Girls will be boys?  The terms of employment were simple, if a little strange. The first two women admitted to the staff at the Royal Botanic Garden Edinburgh in 1897 were to be known as ‘boys’ and had to dress like boys too.

So began a story I wrote for the sadly short-lived Scottish Garden magazine. It was republished on Sceptical Scot last year and I’m reblogging it here now in tribute to the pioneering women gardeners whose lives are about to be celebrated in the second edition of the Biographical Dictionary of Scottish Women due this year.  Thanks to some new digging they are now more clearly visible. 

The first women gardeners were asked to accept the odd terms of the Royal Botanical Garden Edinburgh in order to take their discreet place in a man’s world. That meant tucking their long hair under a boy’s cap and coming to and from work in an overcoat big enough to cover what they were wearing underneath — boy’s knickerbockers, boy’s flannel shirt, boy’s tie, boy’s waistcoat and boy’s shoes with gaiters.

Or not. For the first few months the two trainees made excuses and got away with skirts until the Regius Keeper, Sir Isaac Bailey Balfour, put his foot down.  Summoned to a meeting, the more outwardly rebellious ‘boy’, Constance Ida Hay Currie, aged 24, was dismissed after saying that nothing would induce her to wear such a “repugnant costume”. Instead, as Balfour recorded in a memo, “she considered it an advantage to show she was a woman in order to encourage women to take up gardening.”

It was a bold statement at a time when women’s achievements more often went unseen in a man’s world.  The botanic gardens of Kew and Edinburgh were progressive enough to take part in the “experiment” of employing women but dressing them in men’s clothes was, perhaps, a way of keeping them invisible.

The other woman took a different line.  Lina Barker, aged 31, agreed to wear the trousers, completed her training and then went on to set up Scotland’s first, and probably only, school of gardening for women. Her partner was Annie Morison, from the Borders, who had been invited to take the place of Constance Hay Currie in the potting sheds and nurseries of the Botanics.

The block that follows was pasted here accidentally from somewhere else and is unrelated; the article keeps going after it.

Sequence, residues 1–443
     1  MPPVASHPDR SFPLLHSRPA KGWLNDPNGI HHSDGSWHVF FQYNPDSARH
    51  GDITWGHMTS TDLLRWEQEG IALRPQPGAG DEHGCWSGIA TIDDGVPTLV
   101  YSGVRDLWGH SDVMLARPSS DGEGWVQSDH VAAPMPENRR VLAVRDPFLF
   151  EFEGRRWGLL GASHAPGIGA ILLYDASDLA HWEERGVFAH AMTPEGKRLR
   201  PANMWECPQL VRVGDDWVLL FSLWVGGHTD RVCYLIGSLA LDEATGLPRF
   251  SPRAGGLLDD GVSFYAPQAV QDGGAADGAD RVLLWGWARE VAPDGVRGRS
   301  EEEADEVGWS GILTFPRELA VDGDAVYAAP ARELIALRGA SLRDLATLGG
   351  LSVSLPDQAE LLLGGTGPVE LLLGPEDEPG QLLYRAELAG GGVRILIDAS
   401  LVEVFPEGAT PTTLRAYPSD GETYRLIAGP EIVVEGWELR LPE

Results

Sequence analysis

Suffragettes wielding spades

You won’t find any sign of the school now on the hill near Edinburgh Zoo.  The experimental gardens and greenhouses were long ago replaced with housing. Only the old Valuation Rolls show that Edinburgh School of Gardening opened in what was then the village of Corstorphine in 1904.  Ironically that was the year that George Forrest, another protégée of Isaac Bailey Balfour, set off on his first plant collecting expedition to China. He remains highly visible. Almost everyone with an interest in gardens knows about Forrest.  He is remembered in books, exhibitions and, best of all, the plants he introduced to our gardens.  But who has heard of Lina (also sometimes spelt Lena) Barker and Annie Morison? Who knows what happened to the ambitious young women who graduated from their school over the next couple of decades? Who credits them with design and development of Scottish gardens?

Fragments in libraries and archives give tantalising glimpses of these women. Fortunately one of them turned to writing. The words of Madge Elder, who was to work at The Priory, Melrose among other Borders gardens, give human shape to otherwise shadowy figures: Lina quiet and reserved; Annie, chatty and outgoing; both with weathered faces and “work-a-day” hands.     “I suppose the two principals would be considered the ‘new women’ of their day, a type I had not met before,” Madge Elder wrote in the 60s.  “We soon discovered they were fervid suffragettes, and in me at least they had a willing convert.”

It seems odd now that women had to fight so hard to claim their place in gardening. Gertrude Jekyll’s first book, Wood and Garden (1899), was selling well. In England Jekyll and Ellen Willmott had been awarded the RHS Victorian Medal of Honour in 1897 but women students were still not eligible for scholarships (women were not admitted to the RHS council until 1968).  In Edinburgh at the beginning of the twentieth century women were not even admitted to meetings of the Scottish Horticultural Association.  The idea of women in the garden at all seemed to cause male members confusion. On the one hand there was the patronising guest lecturer, C.W. Burbidge from Dublin, ridiculing the weaker sex,  “The bonnie lassies are quite welcome to come and play in the garden.  But tall and braw lads in the bothy will pity their struggles with the spade.” On the other, there was the SHA president, David Thomas, complaining that women had an unfair advantage in the “experimental gardening schools”, which were not available to young men entering horticulture.